A to Z Cakes is an inspiring entrepreneurial tale based right here in Quechee. Abbi and Dan Courtemanche have built a successful cake making company out of what Abbi describes as a “happy accident.” Not quite ten years ago, Abbi and Dan were planning their wedding. For reasons most of us could not fathom, Abbi decided that she could make their wedding cake despite having never attempted such a fete before. The cake was such a success that wedding guests asked for the name of the baker. Abbi was shortly hired to make what would be the second of many cakes to come.

Abbi and Dan both grew up in Hartland. Abbi went to school in Quechee and then in New York briefly to focus on her dance studies. Abbi came back home to graduate from Hartford High where she met Dan. He is now an accountant in Hanover, but he “moonlights as a baker” for Abbi. The first few years, they baked the cakes at home in Hartland. Six years ago the couple bought a house in Quechee and refurbished the garage into a commercial kitchen. Along with being a home-based business, Abbi insists the whole endeavor wouldn’t be possible without her and Dan’s extended families. Both families come together to help with anything from transportation to babysitting, even learning to make sugar flowers when needed. An extreme example of such support includes Dan successfully lifting an 80-lb cake and sprinting it across a lawn as storm clouds ominously approached the wedding scene.

Self-taught in the art of cake making

Abbi’s education has a core of art and dance, and she still teaches dance part-time as a kind of reprieve from cake making. Abbi has never had any formal training in baking, let alone sculpting with fondant, or reinforcing eight-tier cakes with inner hardware. When you look at pictures of Abbi’s cakes, it’s difficult to believe that she is self-taught, but she promises it’s true, saying it has taken copious amounts of creativity, perfectionism, and optimism to lead the way. The cakes speak for themselves, with each being completely customized and unique; the average cake takes 15-25 hours, but the larger, more intricate cakes can take up to a month to finish.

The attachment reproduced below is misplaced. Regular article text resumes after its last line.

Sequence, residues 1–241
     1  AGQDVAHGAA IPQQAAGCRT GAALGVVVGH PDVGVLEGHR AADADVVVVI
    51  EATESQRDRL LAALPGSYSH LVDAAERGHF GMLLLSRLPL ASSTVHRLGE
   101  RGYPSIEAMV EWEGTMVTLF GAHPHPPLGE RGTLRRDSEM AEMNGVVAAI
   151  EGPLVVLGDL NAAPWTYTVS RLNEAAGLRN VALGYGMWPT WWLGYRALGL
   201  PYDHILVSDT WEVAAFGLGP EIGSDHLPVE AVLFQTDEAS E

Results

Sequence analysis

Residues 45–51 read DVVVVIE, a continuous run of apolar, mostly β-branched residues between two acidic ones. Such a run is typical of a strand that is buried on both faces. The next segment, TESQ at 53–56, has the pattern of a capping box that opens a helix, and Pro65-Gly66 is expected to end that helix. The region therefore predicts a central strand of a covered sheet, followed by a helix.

Growing their business through “word of mouth”

In the beginning, Abbi and Dan didn’t even know what a popular wedding destination Vermont and the Upper River Valley had become. For the past nine years, the home-based business has continued to grow organically with 75 percent of the A to Z Cakes business being weddings. “It’s particularly fun when we get to make a wedding cake and then the couple returns for a baby shower or anniversary cake,” she says. A company website (atozcakes.com) is kept up-to-date with pictures of new creations and customer reviews, but this is the extent of their advertising. Abbi and Dan have focused on local business relationships instead. The Quechee Club and The Quechee Inn at Marshland Farm both refer potential customers to their business. It’s a community-based business in a sense, as these local business relationships have fostered the “word of mouth” tradition that has driven the company’s growth.

The A to Z Cake story has many elements of the best things of the Upper Valley and Vermont culture including independent hard work, supportive families, and a supportive business environment to help foster the endeavor. The story even starts with a bit of a fairytale touch: a bride decides to make her own cake. While looking at the beauty and construction of their cakes, I ask Abbi if any customer request has caused her to be disheartened or worried about her ability to pull it off (I even tell her it can stay off the record). She doesn’t hesitate to say that the unexpected challenges are what keep her motivated to learn and accomplish each customer request. “It really is a labor of love,” she laughs with all seriousness. The family now includes a daughter, just about to start kindergarten, prompting Abbi to say that there are no changes in their business plans in the near future with regards to slowing down or speeding up. For now, Abbi and Dan will be keeping steady with their very busy craft of making a “work-life balance” that includes working eight days a week.